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Springs and Spring Energy

  1. Oct 18, 2006 #1
    Hello all, I am looking for some assistance with a physics problem that I have for my physics class. Any help would be greatly appreciated because I have no idea where to start. Thank you all ahead of time for your help.

    The problem is:
    A 10-g mass is attached to the end of an unstressed, light,
    vertical spring (k = 49 N/m) and then dropped. Answer the
    following questions by considering the potential energy due
    to the spring plus the potential energy due to gravity, i.e.
    measure distances from the equilibrium position of the spring
    with no mass attached. (a) What is the maximum speed of the
    falling mass? (b) How far does the mass drop before coming
    to rest momentarily? (c) Repeat (a) and (b), but answer the
    questions by considering the potential energy of the spring
    with the mass attached, i.e. measure distances from the
    equilibrium position of the spring with the mass attached.

    I don't even know how to start with the problem so any help would be most appreciated.

    -Rhaen-
     
  2. jcsd
  3. Oct 18, 2006 #2
    Ok so far all I have been thinking I could do with part a is this...

    (a)
    (1/2)mv^2 + mg(y_1-y_2) = (1/2)mv^2 + mg(y_1-y_2)

    This comes from the equation K_1 + U_1 = K_2 + U_2

    I don't know if I am missing something in that equation though. I know that there will be cancelations, I think the U_2 and K_1 possibly, but I'm not sure exactly how I would calculate the velocity out of that equation. Thank you for any light you can shine on this.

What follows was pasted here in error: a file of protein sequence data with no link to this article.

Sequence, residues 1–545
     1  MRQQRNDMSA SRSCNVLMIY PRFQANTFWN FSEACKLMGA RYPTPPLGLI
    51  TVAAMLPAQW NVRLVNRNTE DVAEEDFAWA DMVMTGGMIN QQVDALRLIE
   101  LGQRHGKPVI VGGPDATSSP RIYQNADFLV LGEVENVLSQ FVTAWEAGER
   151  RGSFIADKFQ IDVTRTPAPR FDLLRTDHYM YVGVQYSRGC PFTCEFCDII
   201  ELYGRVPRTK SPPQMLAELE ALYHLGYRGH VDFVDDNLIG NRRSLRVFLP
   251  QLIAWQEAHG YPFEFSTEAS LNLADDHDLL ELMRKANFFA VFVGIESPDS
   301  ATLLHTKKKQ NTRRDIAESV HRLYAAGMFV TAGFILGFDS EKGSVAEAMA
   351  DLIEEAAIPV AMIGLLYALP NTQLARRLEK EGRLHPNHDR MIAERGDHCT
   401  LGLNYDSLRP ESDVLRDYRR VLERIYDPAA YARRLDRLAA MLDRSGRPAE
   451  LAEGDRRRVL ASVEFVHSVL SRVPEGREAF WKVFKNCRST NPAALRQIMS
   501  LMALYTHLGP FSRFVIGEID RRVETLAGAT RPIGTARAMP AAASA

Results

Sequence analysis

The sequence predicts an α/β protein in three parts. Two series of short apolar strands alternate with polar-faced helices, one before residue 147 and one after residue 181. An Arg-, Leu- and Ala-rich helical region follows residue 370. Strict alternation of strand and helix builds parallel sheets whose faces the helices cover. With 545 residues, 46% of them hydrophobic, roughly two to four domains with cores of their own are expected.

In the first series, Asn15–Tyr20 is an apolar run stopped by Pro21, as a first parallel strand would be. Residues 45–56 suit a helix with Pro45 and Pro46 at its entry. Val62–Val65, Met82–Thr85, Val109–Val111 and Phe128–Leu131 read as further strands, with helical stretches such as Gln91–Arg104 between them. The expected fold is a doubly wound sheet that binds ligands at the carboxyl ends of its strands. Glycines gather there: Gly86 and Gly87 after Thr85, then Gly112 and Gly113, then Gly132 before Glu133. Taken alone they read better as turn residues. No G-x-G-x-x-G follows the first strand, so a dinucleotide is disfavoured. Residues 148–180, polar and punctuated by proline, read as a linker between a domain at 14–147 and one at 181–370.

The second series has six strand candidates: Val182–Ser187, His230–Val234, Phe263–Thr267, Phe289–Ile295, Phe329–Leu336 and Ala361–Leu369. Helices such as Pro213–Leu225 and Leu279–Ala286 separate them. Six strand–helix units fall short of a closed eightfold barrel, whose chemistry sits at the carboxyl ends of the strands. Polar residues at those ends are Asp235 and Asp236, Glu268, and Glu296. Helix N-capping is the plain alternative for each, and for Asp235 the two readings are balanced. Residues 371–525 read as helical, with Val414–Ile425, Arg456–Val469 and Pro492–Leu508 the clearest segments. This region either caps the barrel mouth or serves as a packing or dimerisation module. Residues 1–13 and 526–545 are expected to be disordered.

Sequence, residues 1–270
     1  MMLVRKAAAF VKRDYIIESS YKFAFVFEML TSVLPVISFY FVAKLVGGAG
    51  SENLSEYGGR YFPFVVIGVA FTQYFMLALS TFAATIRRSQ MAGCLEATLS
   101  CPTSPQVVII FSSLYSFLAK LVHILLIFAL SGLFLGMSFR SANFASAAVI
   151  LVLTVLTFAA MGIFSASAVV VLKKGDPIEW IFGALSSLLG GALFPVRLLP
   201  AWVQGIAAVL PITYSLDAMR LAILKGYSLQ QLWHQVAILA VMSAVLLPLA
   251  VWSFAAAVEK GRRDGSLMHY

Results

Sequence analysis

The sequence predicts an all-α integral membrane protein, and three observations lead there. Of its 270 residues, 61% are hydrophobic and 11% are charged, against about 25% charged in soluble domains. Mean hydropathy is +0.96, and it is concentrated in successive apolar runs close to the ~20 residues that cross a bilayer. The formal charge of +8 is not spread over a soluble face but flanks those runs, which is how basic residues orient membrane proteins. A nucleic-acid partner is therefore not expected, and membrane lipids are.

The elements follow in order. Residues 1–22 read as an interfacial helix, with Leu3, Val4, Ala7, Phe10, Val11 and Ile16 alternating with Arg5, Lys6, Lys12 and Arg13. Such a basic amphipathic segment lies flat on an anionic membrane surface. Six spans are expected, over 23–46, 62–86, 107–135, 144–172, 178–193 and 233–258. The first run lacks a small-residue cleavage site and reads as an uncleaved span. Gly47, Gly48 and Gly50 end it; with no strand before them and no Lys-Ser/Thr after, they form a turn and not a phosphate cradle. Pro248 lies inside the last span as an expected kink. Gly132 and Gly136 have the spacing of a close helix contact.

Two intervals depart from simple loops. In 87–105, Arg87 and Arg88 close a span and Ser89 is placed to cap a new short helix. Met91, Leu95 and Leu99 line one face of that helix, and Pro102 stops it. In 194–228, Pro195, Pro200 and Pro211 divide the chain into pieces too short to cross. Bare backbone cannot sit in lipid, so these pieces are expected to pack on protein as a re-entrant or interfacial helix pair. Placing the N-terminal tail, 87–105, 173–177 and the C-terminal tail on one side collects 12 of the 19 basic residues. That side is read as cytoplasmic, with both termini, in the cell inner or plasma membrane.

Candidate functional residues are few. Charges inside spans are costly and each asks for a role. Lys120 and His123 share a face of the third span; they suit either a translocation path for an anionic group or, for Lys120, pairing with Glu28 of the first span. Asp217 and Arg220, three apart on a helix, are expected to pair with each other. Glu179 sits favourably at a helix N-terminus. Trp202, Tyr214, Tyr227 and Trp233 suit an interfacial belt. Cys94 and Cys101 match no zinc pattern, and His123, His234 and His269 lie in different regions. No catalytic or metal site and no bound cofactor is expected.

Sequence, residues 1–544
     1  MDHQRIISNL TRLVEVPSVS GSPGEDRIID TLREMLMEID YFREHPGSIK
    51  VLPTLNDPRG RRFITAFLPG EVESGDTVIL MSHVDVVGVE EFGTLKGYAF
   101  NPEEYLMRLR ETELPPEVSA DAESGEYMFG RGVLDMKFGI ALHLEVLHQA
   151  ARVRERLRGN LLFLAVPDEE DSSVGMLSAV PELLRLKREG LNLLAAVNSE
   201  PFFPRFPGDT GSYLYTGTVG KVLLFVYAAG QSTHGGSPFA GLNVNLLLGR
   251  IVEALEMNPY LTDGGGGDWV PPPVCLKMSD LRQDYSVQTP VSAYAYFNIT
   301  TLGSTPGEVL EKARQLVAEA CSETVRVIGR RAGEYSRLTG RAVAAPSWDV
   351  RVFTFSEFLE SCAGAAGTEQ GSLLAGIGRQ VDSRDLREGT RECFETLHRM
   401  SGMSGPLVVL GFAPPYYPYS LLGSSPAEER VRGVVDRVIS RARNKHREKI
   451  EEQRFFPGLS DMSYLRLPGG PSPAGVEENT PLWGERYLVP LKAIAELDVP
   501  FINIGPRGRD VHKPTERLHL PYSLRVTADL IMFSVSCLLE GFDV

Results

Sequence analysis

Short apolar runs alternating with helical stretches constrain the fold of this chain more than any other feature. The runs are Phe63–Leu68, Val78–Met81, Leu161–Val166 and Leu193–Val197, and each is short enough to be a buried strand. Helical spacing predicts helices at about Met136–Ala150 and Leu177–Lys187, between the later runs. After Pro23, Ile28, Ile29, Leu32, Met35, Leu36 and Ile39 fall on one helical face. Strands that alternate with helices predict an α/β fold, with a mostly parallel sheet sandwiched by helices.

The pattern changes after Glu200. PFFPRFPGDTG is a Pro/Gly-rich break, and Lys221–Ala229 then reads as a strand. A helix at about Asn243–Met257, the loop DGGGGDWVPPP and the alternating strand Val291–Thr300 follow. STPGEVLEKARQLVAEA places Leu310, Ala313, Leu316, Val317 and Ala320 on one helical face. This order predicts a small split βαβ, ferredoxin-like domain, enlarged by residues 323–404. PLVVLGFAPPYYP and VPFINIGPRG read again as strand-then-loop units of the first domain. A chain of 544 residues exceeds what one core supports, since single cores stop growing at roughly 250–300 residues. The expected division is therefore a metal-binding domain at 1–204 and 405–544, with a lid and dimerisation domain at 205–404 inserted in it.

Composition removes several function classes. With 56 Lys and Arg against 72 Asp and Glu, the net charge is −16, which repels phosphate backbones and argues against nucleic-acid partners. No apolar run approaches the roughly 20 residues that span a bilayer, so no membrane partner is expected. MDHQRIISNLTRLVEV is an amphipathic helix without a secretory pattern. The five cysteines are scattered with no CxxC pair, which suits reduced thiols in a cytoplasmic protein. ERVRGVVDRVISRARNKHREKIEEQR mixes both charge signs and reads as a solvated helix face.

-Rhaen-
     
  4. Oct 18, 2006 #3

    Doc Al

    User Avatar

    Staff: Mentor

    Don't forget spring potential energy: 1/2 k y^2

    Now apply conservation of energy:
    KE_1 + GPE_1 + SPE_1 = KE_2 + GPE_2 + SPE_2

    Hint: Given the initial speed and your reference point for measure PE, all the terms on the left are zero.
     
  5. Oct 18, 2006 #4
    So then the equation qould go:

    0 = (1/2)mv^2 + mg(y_1-y_2) + (1/2)ky^2
    0 = (.1kg)v^2 + (.2kg)(9.8)(y_1-y_2) + (49)y^2

    If that is the case then how would I calculate the y distance so that I can have only the variable for velocity remaining? Thank you for your time.

    -Rhaen-
     
  6. Oct 18, 2006 #5

    Doc Al

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    Staff: Mentor

    I would write the equation like this:
    0 = (1/2)mv^2 + mgy + (1/2)ky^2

    You are measuring the potential energy from the y=0 (unstretched) point. Now isolate the KE to one side, giving KE as a function of y. The find what value of y maximizes the KE. (The answer will be some negative value for y.)
     
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